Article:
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  56.  
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    Anonymous Coward, May 17th, 2012 @ 4:16pm

    Re: Re: Re: TechDirt totally out of touch about how much patents pay for innovation

    So as an inventor you simply need to...

    Step 1: Come up with an idea.

    Step 2: Hire 2,000,000 patent attorneys working full time to determine whether their idea infringes on any of the patents issued in a typical year, which no corporate entity in the world can afford to do, not to mention the garage inventor. And all the due diligence in the world still does not guarantee you won't still be sued by someone who thinks you're infringing on their vague patent on a method to make this do that.

    Step 3: Take your idea and simply design around all the patents that you are aware of that you might possibly infringe on without rendering it completely useless, which as you say is usually pretty easy. After which you might still get sued for infringement, possibly for willful infringement if you've looked at the accused patents.

    Step 4: Build a viable business around your watered-down designed-around idea, while still being vulnerable to patent infringement suits despite your best efforts.

    Step 5: Profit!

     

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  57.  
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    TtfnJohn (profile), May 17th, 2012 @ 5:25pm

    Re: Out of touch? But that's not their job

    Judges are perfectly entitled to issue rulings in line with statue, precedent and the Common Law, the latter almost totally dealing with precedent in civil law. Even if that ruling appears to be a novelty to people not educated in civil and common law.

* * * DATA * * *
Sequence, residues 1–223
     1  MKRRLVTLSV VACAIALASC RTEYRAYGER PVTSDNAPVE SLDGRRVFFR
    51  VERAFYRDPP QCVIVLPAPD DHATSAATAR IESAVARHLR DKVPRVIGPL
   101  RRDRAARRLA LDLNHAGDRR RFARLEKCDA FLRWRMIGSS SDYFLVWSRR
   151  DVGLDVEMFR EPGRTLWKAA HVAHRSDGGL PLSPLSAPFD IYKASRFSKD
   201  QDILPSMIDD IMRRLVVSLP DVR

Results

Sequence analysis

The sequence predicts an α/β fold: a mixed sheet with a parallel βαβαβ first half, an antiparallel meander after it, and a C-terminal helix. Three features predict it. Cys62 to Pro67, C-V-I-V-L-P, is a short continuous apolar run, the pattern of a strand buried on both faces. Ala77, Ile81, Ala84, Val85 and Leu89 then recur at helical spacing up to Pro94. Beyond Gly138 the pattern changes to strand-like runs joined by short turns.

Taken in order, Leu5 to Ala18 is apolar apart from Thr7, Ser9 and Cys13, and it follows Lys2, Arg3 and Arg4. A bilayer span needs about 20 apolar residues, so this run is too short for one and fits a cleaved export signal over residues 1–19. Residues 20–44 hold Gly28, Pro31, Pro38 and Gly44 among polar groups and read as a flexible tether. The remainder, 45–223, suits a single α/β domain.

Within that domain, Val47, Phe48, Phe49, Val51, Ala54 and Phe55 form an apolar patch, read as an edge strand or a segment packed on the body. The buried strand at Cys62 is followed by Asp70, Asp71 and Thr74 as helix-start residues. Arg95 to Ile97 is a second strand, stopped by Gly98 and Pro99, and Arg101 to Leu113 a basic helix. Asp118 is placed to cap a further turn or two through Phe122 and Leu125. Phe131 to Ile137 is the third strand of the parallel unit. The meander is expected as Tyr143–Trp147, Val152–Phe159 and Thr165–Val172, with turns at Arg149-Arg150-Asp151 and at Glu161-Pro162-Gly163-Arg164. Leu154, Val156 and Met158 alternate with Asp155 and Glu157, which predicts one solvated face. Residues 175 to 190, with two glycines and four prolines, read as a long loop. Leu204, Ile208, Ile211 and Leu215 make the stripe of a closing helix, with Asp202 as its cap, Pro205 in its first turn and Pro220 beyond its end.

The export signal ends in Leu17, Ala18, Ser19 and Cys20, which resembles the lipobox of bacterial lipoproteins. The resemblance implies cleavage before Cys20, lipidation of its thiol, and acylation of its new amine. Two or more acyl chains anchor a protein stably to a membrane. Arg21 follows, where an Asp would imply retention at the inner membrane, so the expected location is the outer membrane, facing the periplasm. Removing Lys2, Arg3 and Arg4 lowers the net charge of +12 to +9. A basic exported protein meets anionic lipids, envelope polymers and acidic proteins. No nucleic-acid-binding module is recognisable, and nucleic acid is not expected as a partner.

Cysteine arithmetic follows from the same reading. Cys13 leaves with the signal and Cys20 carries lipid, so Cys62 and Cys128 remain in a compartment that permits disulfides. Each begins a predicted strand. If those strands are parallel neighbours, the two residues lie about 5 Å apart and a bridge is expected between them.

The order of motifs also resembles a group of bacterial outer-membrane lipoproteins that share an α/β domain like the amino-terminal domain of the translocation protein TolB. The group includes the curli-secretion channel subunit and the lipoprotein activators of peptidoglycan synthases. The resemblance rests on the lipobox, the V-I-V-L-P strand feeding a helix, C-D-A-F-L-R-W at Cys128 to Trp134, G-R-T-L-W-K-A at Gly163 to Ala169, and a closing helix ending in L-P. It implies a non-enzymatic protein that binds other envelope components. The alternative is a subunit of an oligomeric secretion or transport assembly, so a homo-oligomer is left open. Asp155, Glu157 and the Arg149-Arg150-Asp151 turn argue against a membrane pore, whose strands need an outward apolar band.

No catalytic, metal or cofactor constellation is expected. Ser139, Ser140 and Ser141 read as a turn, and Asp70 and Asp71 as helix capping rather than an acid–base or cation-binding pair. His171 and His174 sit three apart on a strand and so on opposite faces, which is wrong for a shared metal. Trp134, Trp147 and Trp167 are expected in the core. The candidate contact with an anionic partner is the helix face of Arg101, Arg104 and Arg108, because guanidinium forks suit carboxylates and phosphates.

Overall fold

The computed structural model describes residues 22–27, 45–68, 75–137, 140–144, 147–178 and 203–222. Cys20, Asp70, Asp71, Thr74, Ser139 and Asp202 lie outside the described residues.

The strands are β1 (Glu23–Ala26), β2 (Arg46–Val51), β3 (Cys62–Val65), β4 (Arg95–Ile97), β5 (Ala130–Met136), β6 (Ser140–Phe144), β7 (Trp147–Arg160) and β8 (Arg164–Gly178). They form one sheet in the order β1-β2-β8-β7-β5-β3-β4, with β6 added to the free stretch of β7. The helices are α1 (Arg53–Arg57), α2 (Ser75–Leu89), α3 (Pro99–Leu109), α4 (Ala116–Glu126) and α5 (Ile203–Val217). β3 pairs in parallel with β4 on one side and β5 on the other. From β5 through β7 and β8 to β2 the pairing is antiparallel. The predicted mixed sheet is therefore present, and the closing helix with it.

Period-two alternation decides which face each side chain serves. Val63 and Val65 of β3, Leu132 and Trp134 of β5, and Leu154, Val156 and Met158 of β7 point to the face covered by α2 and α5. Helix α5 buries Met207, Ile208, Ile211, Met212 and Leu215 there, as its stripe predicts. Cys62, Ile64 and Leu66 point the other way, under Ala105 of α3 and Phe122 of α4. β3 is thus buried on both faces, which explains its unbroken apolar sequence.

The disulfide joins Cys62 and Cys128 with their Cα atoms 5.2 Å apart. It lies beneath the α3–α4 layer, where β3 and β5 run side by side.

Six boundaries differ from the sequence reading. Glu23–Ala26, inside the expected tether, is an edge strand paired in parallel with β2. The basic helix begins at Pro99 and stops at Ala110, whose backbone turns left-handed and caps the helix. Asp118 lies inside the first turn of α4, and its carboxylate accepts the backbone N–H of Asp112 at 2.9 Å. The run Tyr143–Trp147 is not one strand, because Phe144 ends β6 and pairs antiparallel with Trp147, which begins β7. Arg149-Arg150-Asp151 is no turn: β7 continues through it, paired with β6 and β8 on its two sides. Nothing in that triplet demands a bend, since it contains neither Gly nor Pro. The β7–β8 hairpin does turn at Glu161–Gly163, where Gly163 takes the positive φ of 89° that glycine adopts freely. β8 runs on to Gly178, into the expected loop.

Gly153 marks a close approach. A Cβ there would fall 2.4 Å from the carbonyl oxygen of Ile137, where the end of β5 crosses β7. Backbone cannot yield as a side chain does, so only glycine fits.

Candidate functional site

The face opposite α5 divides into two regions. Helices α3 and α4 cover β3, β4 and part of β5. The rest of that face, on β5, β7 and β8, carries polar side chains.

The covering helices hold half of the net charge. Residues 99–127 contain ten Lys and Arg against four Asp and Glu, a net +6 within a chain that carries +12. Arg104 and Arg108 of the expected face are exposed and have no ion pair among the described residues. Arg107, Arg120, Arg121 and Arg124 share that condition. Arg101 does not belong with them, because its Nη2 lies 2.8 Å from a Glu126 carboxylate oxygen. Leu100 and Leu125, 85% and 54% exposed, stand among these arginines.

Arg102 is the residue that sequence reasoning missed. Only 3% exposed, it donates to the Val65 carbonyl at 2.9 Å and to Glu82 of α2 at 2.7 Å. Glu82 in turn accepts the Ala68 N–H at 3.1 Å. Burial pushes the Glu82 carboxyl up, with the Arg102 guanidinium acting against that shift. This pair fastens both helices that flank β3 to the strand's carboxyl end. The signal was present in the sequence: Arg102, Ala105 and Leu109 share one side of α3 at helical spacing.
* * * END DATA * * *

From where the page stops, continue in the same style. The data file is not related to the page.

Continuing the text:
In this case that's what this judge did which appears to be in line with the three above as no court has overturned the ruling extending patents to software. As flawed and troublesome as that is.

    Appellate courts and the legislative branch of the US Federal Government have had plenty of time to rewrite statue law to nullify the rulings that created patents on software and so called business methods but they haven't.

    As bad or worse, the same court he was a member of ruled that applicants didn't have to come up with a working model or, at least, details of what the working model would be. (Which doesn't always mean code in glorious MS Basic, but that would have been a distinct improvement over the situation as it now exists.)

    In essence they made it possible with that to patent vapour-ware. And a ton of it has been patented.

    Now, if the bobs of the world would explain to me how patenting vapour-ware helps innovation as it blocks people from doing that the vapour-ware claims to do when not a single line of code has been written and the patent is held by a non-practicing entity who have no intention to bring the "invention" to market it is often used for suing others who do have an on the market product which they allege violates the vapour.

    And, if the bob's of the world would tell me about the huge R&D costs of vapour-ware. Then compare that to the costs incurred by the practicing entity who, they claim, unknowingly violated their patent on their world changing vapour-ware. One innovated while the other sat on a nice set of legalese that described what didn't exist and would have never existed. Put another way, vapour-ware is a legal fiction that now has the power of law behind it as if it were real.